Keeping Up With the Blazonczyks

There was a fascinating profile of polka bandleader Eddie Blazonczyk Jr. in the Chicago Tribune earlier this week. For more than forty years, Eddie Blazonczyk’s Versatones have been the gold standard of Chicago polka bands. Eddie Blazoncyzk Sr. was a pioneer of the Chicago style, evolving the sound and promoting it around the world.

But after he suffered a stroke in 2002, the torch was passed to his son, Eddie Blazonczyk Jr., who had been playing concertina with the Versatones since the 1989. With “Junior” at the helm, the band continues to record and tour relentlessly, but the polka crowds have shrunk over the years and it’s difficult for even a top band like the Versatones to make a living. And for Eddie Jr.’s wife, Cheryl, it’s especially hard raising a family with a husband who’s always on the road:

“I’m impressed that he can play so well, but I always ask Eddie, ‘What’s the difference between a musician and a pizza? A pizza can feed a family of four.'”

Ouch. On top of all this, everytime he performs, Eddie Jr. must face inevitable comparisons to one of polka’s living legends: his own father. But Eddie Jr. carries the legacy proudly, and the Versatones’ latest record, Batteries Not Included recently earned a Grammy nomination (their 18th overall) for Best Polka Album. We’ll be reviewing that album — along with the other Grammy nominees — over the next few weeks.

Build Your Own MIDI Concertina

A MIDI controller shaped like a Hayden Duet Concertina

Paul Everett always wanted to play a Hayden Duet concertina, but new instruments can cost thousands of dollars and used ones are nearly impossible to find. So he did what anyone else would do: he built his own.

The result isn’t really a concertina — there are no bellows, reeds, or valves — it’s a MIDI keyboard with buttons arranged according to the Hayden Duet system. It’s no substitute for a real concertina, but it looks like a useful little practice gadget.

Check out Paul’s site for more photos and details, as well as some useful links if you’re interested in building your own MIDI device.

[Found via MAKE: Blog]

January is National Polka Month!

If you’re like me, you were probably up late on Sunday night, waiting anxiously for the clock to strike midnight so you could begin celebrating National Polka Month. Positioned far enough away from National Accordion Awareness Month (June) to avoid conflicts, National Polka Month encourages fans to support local polka shows during a time when attendance typically slows due to bad weather.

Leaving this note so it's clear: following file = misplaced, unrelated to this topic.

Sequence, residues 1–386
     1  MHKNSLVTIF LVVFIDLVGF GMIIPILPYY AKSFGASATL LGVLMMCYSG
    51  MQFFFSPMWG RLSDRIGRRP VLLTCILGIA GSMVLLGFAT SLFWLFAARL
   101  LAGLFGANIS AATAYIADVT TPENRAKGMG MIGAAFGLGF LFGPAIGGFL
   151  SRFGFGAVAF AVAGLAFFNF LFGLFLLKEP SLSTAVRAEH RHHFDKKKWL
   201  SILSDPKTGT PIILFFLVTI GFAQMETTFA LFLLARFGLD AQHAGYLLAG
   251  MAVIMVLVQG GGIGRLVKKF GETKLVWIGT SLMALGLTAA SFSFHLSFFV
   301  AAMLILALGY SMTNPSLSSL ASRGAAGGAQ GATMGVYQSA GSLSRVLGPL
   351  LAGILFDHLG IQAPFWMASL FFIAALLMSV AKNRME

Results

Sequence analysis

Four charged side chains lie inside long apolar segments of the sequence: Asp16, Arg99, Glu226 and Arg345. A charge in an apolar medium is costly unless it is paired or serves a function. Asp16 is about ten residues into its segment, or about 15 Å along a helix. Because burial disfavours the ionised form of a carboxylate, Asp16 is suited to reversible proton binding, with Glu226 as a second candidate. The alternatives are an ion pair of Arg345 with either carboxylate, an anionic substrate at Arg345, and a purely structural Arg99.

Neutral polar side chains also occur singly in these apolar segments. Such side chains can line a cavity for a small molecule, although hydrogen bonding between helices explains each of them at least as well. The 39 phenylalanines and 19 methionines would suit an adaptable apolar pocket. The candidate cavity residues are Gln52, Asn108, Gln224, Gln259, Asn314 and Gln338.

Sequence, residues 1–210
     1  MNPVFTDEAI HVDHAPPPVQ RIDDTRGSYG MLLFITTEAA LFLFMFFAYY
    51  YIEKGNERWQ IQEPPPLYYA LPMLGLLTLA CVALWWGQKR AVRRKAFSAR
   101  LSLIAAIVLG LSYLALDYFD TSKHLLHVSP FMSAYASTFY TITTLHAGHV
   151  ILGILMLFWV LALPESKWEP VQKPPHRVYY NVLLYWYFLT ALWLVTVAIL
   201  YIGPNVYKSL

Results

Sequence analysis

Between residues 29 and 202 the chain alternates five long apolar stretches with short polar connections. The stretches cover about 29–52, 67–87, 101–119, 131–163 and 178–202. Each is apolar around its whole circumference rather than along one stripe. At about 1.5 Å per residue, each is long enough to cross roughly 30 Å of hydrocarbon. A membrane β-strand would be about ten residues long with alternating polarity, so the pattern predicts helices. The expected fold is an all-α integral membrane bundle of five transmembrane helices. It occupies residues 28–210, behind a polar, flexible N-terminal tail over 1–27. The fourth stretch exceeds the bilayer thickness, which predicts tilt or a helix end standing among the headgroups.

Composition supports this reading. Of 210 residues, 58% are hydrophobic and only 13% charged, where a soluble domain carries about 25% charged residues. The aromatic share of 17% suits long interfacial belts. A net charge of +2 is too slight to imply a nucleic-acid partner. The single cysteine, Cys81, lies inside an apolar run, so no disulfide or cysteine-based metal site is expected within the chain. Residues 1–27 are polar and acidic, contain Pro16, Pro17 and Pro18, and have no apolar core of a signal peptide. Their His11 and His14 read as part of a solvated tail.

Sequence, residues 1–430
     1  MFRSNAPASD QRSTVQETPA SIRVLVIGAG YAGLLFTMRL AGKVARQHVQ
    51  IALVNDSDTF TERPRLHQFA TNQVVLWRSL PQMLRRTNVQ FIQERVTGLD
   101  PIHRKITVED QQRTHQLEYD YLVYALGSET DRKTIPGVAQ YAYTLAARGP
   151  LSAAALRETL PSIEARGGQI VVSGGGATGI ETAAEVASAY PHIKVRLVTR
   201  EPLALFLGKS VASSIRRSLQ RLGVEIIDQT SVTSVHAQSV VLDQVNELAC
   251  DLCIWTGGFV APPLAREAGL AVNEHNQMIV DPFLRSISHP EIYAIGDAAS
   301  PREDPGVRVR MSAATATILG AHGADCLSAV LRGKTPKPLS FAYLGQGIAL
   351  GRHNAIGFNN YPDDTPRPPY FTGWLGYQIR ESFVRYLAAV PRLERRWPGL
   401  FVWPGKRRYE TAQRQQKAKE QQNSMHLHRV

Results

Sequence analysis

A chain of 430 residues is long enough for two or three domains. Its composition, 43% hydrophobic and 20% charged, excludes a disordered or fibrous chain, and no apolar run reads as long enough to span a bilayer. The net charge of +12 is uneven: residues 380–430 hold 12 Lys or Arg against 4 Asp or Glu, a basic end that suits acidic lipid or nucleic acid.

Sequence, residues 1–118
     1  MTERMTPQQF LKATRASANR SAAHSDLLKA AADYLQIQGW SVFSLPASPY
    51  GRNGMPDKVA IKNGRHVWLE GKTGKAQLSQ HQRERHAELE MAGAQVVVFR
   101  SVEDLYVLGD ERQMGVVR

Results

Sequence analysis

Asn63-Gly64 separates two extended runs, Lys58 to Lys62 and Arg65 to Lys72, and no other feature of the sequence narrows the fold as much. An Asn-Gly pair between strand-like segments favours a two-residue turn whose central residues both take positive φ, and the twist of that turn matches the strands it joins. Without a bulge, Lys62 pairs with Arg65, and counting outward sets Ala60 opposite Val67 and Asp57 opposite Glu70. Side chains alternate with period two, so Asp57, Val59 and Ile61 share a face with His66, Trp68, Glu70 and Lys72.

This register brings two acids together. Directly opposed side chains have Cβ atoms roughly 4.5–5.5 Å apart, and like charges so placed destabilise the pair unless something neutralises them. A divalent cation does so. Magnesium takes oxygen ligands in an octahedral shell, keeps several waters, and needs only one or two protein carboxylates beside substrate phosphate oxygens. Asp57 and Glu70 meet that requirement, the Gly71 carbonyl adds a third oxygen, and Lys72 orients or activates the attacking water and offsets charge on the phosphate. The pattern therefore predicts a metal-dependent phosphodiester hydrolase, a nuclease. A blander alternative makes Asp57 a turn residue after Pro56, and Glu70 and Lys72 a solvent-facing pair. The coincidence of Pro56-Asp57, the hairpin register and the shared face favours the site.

Among the big polka events scheduled this month are the International Polka Association’s Festival of Bands in Chicago and Benefit Dance in Ludlow, MA. For those hoping to escape the cold weather entirely, a handful of polka cruises are setting sail, including the Ultimate Polka Cruise and Jimmy Sturr’s Polka in Paradise.

If you can’t get out of town, tune in to one of the many Internet radio stations devoted to polka music, like, the Polka Jammer Network, or Prime Time Polkas. If you’re at work, pump up the volume and share the polka spirit with your co-workers.

So as you begin making plans for this special month, I leave you with this rumination on polka music by Carl Finch of Brave Combo:

“As nature and society become more unstable, humans will return to the basics and retreat from the overbearing self-consciousness of pop culture. Polka serves two purposes: good music and freedom from pretense in an environment where the hip and unhip freely mix and mingle.”

I think that’ll be our new motto — “Let’s Polka: Where the Hip and Unhip Freely Mix and Mingle.”

Classic K-Tel Polka Commercial

Remember those old K-Tel compilation albums — 22 Dynamite Hits, 20 Great Truck Drivin’ Songs — bearing the “as advertised on TV” label?

Check out this 1971 commercial promoting the very first K-Tel album, 25 Polka Greats. Frankie Yankovic, Myron Floren, and Six Fat Dutchmen play classics like “Pennsylvania Polka”, “Too Fat Polka”, and “Liechtensteiner Polka”… all for only $3.99! You may not be able to find it at Woolworths anymore, but we found a copy at Rasputin’s for $1.

Accordion Bus Advertising

Norwegian accordion bus advertising World Accordion Championships

What kind of ad would look best on an accordion (articulated) bus? An ad for an accordion competition, of course. This clever advertisement was created for the Coupe Mondiale — the annual international competition organized by the Confédération International des Accordéonistes (CIA) — held this past October in Asker, Norway.

[Found via I Believe in Adv]

Need more accordion? Follow us on Twitter, Facebook, or email.

« Newer posts